This is a dilemma for many nonprofit organizations. Even during “regular” fundraising times, this is usually a significant fundraising milestone for most nonprofits. Now is an especially important time. Your special events have been postponed. Your direct mail or annual giving is also on target but what else can we do?
You might be thinking “we don’t have any major donors.” Or “how do I find them?” Or, “what is a major gift, anyway?” One thing to keep in mind is that major donors give from their assets, like stocks and other securities, not just cash. You could also see a planned gift or bequest down the road. Even though there is financial uncertainty during these times, donors with a Donor-Advised Fund (DAF) are good major gift prospects since they have already dedicated funds for philanthropic causes.
You may not believe it now, but your major donors are already in your donor database, and you can define your own major gift level. At some organizations, a $1,000 is a major gift while larger universities or hospital foundations may set a $100,000+ threshold for a major gift.
Here’s how you calculate your major gift threshold:
1. Identify your top ten cumulative donors over the past twelve months. Exclude foundations, corporations, and one-time gifts.
2. Add up these donations and divide by ten.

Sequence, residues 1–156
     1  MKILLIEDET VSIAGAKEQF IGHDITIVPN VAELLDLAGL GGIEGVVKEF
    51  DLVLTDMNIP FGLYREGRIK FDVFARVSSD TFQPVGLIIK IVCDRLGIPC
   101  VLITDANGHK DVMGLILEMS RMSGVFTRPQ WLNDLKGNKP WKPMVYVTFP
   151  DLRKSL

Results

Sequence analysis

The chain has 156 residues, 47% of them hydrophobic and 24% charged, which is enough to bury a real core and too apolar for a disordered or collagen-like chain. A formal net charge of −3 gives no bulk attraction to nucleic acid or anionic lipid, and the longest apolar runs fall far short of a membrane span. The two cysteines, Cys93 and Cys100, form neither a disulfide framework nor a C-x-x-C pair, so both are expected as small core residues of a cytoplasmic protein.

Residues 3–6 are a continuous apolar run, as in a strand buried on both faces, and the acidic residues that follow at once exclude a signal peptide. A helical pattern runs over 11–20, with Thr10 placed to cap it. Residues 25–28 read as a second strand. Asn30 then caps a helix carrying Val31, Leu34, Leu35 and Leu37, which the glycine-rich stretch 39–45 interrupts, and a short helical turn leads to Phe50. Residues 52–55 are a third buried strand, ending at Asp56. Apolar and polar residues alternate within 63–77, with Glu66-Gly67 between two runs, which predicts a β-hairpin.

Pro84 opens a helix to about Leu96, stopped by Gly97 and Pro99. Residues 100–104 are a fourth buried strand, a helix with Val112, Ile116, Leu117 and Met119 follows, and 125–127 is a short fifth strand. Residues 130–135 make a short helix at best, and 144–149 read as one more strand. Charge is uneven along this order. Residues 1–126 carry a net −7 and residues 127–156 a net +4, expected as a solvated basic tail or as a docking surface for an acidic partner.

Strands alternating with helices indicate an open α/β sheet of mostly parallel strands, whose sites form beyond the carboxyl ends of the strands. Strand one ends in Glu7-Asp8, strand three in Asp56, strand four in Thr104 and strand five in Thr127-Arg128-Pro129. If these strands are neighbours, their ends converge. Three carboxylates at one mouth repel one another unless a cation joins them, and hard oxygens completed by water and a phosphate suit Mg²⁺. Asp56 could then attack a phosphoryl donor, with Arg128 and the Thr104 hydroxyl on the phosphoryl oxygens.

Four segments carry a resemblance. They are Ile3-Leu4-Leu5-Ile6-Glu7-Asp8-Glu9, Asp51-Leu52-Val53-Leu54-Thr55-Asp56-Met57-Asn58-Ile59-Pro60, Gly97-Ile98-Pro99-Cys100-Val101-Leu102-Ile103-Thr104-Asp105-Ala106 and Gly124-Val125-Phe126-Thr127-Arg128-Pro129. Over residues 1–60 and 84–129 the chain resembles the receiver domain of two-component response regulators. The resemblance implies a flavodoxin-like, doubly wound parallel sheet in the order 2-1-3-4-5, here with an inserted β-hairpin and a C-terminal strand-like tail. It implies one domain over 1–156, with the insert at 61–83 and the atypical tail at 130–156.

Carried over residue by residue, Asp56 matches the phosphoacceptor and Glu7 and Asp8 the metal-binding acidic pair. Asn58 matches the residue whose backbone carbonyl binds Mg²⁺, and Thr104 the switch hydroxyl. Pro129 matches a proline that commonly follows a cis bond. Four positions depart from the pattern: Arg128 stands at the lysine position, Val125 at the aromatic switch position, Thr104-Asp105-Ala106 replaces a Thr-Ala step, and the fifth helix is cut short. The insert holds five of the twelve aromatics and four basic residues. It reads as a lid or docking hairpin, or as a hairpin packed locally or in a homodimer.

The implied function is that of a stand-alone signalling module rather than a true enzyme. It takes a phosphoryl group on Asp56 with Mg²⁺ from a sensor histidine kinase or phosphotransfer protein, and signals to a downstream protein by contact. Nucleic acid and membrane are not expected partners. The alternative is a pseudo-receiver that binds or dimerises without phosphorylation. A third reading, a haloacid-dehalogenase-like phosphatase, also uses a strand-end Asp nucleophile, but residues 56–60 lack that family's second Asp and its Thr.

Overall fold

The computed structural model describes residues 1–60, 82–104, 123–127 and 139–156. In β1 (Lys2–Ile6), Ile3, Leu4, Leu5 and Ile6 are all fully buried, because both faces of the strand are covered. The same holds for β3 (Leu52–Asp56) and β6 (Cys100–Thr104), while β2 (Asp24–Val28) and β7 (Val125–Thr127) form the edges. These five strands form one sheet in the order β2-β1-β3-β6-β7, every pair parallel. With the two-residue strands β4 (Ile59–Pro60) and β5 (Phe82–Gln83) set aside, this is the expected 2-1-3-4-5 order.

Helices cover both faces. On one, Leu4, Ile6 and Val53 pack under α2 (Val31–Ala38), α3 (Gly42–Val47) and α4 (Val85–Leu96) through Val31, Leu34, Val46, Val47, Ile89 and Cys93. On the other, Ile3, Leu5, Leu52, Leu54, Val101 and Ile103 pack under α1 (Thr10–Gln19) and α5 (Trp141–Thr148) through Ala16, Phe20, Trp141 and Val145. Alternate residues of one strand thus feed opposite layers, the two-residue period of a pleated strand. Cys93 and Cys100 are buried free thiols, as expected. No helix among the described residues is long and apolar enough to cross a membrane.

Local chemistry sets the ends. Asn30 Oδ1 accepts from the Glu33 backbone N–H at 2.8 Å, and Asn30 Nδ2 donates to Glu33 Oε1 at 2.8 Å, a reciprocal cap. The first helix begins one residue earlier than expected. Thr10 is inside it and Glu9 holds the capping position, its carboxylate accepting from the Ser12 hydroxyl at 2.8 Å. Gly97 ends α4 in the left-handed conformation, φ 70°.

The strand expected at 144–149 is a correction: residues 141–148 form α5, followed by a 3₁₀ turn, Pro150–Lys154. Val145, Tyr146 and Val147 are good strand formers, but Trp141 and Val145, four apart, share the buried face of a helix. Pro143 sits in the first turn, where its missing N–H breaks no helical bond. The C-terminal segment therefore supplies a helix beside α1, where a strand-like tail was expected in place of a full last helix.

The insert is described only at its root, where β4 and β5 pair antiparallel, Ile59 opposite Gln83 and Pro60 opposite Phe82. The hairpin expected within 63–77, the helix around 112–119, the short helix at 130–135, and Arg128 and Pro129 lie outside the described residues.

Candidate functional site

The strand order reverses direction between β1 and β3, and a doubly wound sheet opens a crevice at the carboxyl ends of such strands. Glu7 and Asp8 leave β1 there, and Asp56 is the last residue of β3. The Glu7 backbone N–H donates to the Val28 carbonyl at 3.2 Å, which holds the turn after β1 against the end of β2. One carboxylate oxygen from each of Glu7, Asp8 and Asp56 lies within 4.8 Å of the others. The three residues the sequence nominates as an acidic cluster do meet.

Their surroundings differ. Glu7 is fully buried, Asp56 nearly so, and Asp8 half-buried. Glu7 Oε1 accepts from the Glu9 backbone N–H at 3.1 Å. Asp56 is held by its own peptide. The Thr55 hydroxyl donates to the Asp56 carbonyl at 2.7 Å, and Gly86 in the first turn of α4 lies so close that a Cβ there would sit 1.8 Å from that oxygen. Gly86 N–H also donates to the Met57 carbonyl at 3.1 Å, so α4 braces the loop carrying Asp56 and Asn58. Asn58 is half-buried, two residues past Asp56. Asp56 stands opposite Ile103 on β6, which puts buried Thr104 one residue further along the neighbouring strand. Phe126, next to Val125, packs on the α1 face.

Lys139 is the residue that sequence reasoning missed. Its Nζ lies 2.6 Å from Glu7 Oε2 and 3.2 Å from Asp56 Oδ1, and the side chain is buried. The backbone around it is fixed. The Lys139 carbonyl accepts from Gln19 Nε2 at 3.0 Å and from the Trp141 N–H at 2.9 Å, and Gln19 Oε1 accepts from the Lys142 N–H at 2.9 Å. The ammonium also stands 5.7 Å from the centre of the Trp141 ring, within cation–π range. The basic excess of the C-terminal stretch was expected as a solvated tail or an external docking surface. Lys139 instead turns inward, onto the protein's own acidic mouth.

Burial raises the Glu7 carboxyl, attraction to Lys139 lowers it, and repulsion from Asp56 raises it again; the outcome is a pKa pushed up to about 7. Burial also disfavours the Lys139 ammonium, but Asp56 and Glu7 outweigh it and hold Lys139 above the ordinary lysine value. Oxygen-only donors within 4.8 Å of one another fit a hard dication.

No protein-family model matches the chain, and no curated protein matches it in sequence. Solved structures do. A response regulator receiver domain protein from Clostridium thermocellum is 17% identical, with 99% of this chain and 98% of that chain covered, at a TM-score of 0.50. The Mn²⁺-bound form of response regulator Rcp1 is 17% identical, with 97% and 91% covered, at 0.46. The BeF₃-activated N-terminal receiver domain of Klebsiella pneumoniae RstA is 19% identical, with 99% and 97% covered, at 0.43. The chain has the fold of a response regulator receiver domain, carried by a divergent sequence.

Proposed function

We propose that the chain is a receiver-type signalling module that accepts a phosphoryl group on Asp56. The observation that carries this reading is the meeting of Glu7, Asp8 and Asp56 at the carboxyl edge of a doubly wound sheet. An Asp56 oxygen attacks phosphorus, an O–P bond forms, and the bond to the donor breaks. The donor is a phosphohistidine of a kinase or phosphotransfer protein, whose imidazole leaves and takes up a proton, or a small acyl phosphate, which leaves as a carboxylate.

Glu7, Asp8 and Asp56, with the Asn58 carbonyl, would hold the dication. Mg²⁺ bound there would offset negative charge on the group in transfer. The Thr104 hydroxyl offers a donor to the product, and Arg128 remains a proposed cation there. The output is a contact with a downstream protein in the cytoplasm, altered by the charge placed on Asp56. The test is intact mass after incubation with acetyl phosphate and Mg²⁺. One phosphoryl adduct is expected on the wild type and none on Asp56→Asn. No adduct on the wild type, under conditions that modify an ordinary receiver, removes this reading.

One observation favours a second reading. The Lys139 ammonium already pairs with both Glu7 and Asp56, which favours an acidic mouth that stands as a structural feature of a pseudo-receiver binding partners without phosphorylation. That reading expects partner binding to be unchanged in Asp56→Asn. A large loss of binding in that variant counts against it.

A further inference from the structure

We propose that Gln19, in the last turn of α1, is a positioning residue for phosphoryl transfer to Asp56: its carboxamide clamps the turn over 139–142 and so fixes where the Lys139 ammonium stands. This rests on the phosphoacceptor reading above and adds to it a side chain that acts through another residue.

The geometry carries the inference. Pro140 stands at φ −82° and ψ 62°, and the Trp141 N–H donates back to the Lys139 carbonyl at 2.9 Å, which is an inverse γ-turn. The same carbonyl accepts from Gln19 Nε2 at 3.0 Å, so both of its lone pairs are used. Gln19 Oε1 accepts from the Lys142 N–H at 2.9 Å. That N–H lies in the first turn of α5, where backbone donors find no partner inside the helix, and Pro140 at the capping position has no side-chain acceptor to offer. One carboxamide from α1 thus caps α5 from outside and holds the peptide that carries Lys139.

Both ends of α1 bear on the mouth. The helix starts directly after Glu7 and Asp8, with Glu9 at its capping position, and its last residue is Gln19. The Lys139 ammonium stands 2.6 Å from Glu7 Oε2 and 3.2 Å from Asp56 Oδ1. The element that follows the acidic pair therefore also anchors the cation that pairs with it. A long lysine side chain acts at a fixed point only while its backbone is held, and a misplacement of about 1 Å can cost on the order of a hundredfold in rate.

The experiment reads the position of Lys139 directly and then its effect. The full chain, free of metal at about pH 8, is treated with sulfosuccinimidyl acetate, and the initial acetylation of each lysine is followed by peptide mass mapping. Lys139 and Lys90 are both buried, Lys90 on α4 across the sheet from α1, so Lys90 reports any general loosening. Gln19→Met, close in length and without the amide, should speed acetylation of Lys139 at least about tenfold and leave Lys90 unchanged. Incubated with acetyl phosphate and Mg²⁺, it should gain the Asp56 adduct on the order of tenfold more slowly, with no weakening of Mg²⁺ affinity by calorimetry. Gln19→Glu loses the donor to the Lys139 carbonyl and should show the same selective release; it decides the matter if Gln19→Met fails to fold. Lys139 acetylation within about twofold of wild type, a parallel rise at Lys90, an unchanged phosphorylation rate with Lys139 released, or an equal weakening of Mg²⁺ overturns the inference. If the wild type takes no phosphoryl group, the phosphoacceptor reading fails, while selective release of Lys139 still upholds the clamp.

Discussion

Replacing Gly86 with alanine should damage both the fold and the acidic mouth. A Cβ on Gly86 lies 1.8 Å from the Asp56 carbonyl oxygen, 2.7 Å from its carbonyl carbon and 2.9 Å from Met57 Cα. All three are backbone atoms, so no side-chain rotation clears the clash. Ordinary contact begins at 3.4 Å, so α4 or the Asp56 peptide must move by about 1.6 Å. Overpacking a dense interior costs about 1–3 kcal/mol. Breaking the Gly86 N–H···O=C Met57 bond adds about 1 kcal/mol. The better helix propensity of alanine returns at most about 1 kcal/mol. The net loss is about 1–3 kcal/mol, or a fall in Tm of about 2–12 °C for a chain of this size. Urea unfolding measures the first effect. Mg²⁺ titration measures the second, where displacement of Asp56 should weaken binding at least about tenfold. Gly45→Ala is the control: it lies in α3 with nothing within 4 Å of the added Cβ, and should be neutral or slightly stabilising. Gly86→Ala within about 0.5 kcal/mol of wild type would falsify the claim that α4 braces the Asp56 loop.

3. Round up this average number to the nearest $5,000 or if your organization is very small, round up to whatever seems realistic to you and your organization.
4. This is your major gift threshold.
Your next step is to identify your prospective major donors. Remember, you already have donors who support your mission. “Warm”, current donors are easier to cultivate than strangers. Review your donor records for the past three years and look for familiar names or frequency of giving. You are looking for individuals who have given cumulatively at or above your newly defined major gift level. The next group are those who have given below, but close to that level.
Identifying your potential donors is the first step in your major gift plan. The other five steps are:
Your goal is to create a portfolio for your Development Director and/or your Executive Director. Your board of directors can be very helpful with each of these steps because they may know something about your prospective donors that is not common knowledge and they may have a personal or business relationship with them.
Your major gifts portfolio won’t be large, which means you will be able to research each donor and create a specific strategy to cultivate and solicit them. Once you have their gift, steward them so they will want to give again.
Michelle Crim, CFRE
Dynamic Development Strategies can help. We offer coaching and fundraising services for our nonprofit clients. We specialize in startup and smaller nonprofits because we understand your challenges. Please contact us for more information.